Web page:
While the runaway success of the iPad cannot be questioned — it's pushed Apple to the Number 3 slot in global mobile PC shipments in the third quarter of 2010 — analysts are now taking a long, hard look at how its faring outside of North America.
For example, Japan — who greeted the tablet's debut in May with huge crowds of would-be purchasers— has seen early interest wane in the device, with a lack of Japan-centric software content to blame.
Another roadblock has been the iPad's requirement of a PC attachment to download any content from iTunes. This is particularly anathema in Japan, who are world leaders in smartphone-based purchase transactions.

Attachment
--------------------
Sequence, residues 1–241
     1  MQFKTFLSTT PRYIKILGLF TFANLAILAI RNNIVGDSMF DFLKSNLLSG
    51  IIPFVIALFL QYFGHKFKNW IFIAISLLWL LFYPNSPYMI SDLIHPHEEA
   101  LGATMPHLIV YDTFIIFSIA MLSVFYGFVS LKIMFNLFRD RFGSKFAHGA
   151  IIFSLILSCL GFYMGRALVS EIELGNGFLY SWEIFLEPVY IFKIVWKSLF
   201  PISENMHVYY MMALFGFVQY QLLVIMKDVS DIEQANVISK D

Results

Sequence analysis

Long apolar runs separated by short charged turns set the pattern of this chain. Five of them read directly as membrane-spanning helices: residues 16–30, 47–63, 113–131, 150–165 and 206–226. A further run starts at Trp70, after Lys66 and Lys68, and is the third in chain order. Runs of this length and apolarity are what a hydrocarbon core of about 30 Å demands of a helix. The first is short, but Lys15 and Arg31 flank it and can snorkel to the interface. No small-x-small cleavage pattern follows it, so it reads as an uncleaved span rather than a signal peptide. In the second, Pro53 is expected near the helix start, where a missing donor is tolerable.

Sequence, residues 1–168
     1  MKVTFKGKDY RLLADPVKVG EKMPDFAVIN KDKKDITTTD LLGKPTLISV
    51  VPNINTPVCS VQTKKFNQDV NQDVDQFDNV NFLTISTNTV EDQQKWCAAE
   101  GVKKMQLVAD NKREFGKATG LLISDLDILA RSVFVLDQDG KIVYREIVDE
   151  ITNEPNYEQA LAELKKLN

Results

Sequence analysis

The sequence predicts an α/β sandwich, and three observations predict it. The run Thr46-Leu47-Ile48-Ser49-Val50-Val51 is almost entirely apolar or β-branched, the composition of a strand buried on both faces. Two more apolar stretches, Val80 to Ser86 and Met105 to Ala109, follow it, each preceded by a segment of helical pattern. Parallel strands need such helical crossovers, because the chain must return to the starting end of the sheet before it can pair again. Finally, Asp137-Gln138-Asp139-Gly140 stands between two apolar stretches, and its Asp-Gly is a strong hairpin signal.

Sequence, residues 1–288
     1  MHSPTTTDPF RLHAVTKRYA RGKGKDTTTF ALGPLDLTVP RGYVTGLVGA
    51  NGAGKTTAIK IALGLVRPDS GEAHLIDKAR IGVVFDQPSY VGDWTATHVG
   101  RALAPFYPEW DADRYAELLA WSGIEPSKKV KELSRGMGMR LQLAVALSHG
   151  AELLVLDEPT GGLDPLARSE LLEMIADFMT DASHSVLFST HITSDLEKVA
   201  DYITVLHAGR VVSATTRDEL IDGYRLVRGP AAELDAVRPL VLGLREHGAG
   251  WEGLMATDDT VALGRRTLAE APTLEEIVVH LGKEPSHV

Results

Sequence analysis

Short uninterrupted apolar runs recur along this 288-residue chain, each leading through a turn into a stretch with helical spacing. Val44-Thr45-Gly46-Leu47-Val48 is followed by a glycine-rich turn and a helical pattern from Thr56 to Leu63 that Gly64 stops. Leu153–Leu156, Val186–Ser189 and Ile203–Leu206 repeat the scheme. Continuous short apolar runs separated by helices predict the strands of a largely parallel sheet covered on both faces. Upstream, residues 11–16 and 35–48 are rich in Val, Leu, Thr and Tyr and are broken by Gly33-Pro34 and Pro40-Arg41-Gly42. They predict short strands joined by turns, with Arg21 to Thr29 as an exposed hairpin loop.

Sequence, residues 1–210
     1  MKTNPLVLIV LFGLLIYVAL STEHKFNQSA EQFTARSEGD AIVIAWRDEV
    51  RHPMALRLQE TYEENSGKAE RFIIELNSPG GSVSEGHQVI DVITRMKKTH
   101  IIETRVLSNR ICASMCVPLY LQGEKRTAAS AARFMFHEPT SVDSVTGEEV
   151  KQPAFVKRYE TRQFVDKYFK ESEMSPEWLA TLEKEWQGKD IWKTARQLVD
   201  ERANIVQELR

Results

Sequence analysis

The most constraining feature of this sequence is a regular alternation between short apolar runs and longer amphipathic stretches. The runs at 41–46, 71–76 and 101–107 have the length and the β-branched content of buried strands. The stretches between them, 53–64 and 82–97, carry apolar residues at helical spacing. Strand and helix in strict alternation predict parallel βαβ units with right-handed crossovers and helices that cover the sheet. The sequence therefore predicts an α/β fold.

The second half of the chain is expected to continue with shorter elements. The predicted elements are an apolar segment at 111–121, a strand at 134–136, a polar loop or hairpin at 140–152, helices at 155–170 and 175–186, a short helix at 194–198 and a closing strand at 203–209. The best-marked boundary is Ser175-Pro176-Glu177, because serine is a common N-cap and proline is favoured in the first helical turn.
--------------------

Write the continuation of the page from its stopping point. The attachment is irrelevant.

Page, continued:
(This isn't the first time Apple hardware has faltered in the Land of the Rising Sun: even before the iPad's Japanese release, Peter Payne of jlist.com reminded the blogosphere that the iPhone took some time to be adopted by Japanese users thrown by its non-clamshell form factor and lack of a physical numeric keypad, which — believe it or not — makes entering hiragana-based text faster than on a QWERTY keyboard.)
If the tech-savvy Japanese are not snapping up iPads in droves, what does that say about the rest of the world? Until the iPad can shed its perceived "Western-centric" emphasis, its acceptance on a global scale will suffer.